When we create design layouts in tools like Photoshop or Illustrator, does the ease of copy-paste ultimately create artificially dense, human-unfriendly spaces?
Are these interfaces not unlike a cancer, grown without natural physical boundaries of human creation and cognition? Could we make it better, if we forced ourselves to sketch, everything?
A few weeks ago Eric Burke made a great graphic on his StuffThatHappens.com. Showing the typical Apple product and Google product, it was obvious to see that simplicity was paramount with one giant button or one simple search box. Contrasting it to “your product”, it was apparent that no user wants to deal with an interface littered with buttons, dialogs, mandatory and optional fields. (see the awesome comic)
But how did we get this way? I think the productivity tools we use every day might be part of the problem.
Dan Roam came and talked at eBay, discussing his new book “The Back of the Napkin: Solving Problems and Selling Ideas with Pictures”. In his presentation he told a story of developing a piece of dashboard software for a major organization, and he said with a certain amount of pride that all the design was “done in a notebook”. The rough hand-drawn style of the mockups for the dashbord apparently kept execs and designers from quibbling over the little details and everything progressed smoothly.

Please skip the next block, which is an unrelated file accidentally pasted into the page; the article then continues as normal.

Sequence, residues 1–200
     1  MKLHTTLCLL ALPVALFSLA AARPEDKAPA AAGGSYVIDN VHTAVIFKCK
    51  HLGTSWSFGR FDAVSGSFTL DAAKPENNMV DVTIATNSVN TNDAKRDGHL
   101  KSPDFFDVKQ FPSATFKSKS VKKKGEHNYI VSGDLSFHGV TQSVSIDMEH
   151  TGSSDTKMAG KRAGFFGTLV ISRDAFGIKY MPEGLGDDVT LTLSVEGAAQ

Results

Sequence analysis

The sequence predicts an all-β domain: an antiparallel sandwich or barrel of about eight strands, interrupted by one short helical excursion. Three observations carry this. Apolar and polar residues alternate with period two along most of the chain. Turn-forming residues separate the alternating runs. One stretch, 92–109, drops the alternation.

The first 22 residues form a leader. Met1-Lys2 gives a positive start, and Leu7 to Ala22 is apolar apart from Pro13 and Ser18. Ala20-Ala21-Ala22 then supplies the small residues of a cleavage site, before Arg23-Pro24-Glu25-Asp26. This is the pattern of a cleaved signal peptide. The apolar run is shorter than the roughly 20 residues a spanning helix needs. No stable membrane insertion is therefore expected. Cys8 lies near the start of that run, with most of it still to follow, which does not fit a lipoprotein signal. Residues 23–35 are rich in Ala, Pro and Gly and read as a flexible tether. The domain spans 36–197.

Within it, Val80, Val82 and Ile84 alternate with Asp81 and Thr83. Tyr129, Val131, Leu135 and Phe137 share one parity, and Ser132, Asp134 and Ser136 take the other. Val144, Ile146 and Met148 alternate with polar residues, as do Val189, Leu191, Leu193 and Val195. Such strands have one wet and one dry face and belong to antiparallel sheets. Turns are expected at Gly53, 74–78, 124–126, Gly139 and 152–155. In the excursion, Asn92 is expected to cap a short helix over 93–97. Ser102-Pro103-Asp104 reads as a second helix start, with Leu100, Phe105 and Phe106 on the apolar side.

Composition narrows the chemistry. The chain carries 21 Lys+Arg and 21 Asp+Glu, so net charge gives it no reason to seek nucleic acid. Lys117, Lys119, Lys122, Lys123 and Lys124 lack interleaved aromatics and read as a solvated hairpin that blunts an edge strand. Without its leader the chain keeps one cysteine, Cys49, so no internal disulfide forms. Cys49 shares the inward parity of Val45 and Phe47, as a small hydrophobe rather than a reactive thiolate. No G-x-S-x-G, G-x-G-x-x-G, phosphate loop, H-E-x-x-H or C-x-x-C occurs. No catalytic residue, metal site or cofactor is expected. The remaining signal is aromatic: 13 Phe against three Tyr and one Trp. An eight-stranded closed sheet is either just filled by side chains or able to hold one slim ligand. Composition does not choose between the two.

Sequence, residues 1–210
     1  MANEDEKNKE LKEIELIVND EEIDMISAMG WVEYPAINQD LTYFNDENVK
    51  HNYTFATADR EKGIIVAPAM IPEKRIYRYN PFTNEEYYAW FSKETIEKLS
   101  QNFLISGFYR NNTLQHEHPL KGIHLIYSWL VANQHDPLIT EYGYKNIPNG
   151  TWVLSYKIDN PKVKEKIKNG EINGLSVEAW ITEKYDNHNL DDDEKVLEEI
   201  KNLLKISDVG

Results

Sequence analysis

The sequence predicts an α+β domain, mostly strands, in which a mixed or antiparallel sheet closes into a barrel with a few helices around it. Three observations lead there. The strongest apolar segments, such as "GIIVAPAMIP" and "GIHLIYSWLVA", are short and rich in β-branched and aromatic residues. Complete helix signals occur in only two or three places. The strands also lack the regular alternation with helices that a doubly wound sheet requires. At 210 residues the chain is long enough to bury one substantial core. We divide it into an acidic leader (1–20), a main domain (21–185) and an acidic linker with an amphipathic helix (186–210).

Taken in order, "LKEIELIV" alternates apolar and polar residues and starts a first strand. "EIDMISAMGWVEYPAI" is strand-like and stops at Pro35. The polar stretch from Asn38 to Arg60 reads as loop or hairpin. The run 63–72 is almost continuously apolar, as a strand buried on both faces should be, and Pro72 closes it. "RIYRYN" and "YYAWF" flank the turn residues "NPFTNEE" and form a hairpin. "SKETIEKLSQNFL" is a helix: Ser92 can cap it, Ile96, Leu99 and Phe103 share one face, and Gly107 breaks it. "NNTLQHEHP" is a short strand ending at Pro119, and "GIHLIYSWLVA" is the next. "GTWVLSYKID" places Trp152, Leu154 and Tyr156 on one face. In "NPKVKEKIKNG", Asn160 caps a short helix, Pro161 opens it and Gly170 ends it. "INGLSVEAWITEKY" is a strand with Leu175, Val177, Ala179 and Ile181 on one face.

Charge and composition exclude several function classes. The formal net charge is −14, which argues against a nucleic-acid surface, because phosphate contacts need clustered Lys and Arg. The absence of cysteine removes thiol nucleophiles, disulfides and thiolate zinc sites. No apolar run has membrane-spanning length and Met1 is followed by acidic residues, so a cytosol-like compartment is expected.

While sitting there, I imagined trying to capture our eBay homepage with pen and paper, and it made my head hurt. We have so many links and such a dense interface, you would wear out our nib trying to document them. Let alone creating multiple copies to share and discuss.
So therein lies the question? Because it has become so easy to design high-resolution, high-fidelity interfaces; endlessly duplicating elements and text blocks, are we creating structures humans can’t visually and mentally digest?
Is the ease with which we copy-paste both elements and information, forgetting the necessary influences of natural growth, decay, and selection?
If we forced ourselves to design only with pen and paper, would it necessarily create a more understandable interface? Pushing complexity away from the user, exactly where it should be?
Try this experiment for yourself, either in your next design, or your next powerpoint.
If you aren’t willing to take the time to draw each one of those fields and links, I can guarantee that your users don’t want to fill them in.